TALKING SHIF: AN EXPLORATION OF HUMAN IMPACT ON CREEK HEALTH
To assess the relationship between creek health and land use in the watershed, measurements of benthic macroinvertebrate populations and water chemistry of nine Kalamazoo River tributaries were made over a two-week period in May and June of 2021. Standard macroinvertebrate sampling, counting, and classification approaches were used. Water chemistry data were acquired using handheld PC-60 multi-parameter testers. Human impact on land surrounding each tributary was quantified with a scaled human impact factor (SHIF) calculated using Kalamazoo County zoning data, in which higher SHIF values reflect more intensive urbanization.
Water conductivity data ranged from 427.33 S/m to 1305.67 S/m, and pH values ranged from 7.50 to 8.55. Macroinvertebrate data were evaluated while considering substrate type, as populations are strongly tied to substrate. Overall, data broadly show that pollution-sensitive macroinvertebrates tend to be more populous in lower SHIF tributaries, whereas pollution-tolerant macroinvertebrates are more populous in higher SHIF tributaries. From headwaters to mouth of creeks, a decrease in average species diversity correlated with increasing SHIF values in mud substrates. No statistical relationships between SHIF and macroinvertebrate biodiversity in gravel or sand, or pH, or conductivity were identified. Although the data do not conclusively permit rejection of the null hypothesis that human impact has no effect on river health, previous studies have shown such a link.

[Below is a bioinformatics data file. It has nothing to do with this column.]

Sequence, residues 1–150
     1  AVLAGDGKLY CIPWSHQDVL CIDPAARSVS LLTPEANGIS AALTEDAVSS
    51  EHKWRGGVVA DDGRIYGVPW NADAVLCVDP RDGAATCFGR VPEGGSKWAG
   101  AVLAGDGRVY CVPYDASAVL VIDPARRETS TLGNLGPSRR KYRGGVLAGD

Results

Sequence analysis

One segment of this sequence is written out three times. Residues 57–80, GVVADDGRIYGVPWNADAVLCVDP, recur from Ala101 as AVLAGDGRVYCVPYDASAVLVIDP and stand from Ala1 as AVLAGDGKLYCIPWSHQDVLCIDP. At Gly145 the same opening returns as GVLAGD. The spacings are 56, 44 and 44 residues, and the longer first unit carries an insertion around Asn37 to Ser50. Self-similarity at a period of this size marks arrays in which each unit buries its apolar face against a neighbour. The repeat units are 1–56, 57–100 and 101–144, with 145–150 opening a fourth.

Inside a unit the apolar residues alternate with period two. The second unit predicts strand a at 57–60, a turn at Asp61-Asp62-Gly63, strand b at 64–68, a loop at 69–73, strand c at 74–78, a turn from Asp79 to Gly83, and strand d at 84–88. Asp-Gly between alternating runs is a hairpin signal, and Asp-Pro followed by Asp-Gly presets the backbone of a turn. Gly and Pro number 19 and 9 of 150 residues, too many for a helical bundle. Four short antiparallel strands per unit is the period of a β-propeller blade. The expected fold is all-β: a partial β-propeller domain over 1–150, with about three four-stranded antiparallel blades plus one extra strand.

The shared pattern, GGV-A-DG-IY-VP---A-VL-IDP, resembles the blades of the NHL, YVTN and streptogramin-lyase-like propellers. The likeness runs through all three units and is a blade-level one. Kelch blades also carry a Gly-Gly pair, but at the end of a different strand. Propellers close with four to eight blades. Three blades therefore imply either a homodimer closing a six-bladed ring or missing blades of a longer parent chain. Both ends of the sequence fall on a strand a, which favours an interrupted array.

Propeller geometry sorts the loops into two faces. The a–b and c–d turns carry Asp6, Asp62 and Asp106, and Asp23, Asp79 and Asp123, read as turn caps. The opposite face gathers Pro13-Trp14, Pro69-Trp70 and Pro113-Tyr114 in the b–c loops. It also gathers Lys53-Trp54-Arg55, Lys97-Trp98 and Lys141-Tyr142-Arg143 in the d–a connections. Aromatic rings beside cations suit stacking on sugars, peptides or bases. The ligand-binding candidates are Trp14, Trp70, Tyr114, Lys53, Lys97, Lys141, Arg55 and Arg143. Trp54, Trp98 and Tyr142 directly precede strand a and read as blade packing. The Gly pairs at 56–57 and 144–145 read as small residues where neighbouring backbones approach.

A future study would benefit from replicating sampling at creeks, use of satellite-based remote sensing datasets, and ground truth evaluation of land use. In addition, by extending the area studied into other watersheds, a greater range of human impact would be provided.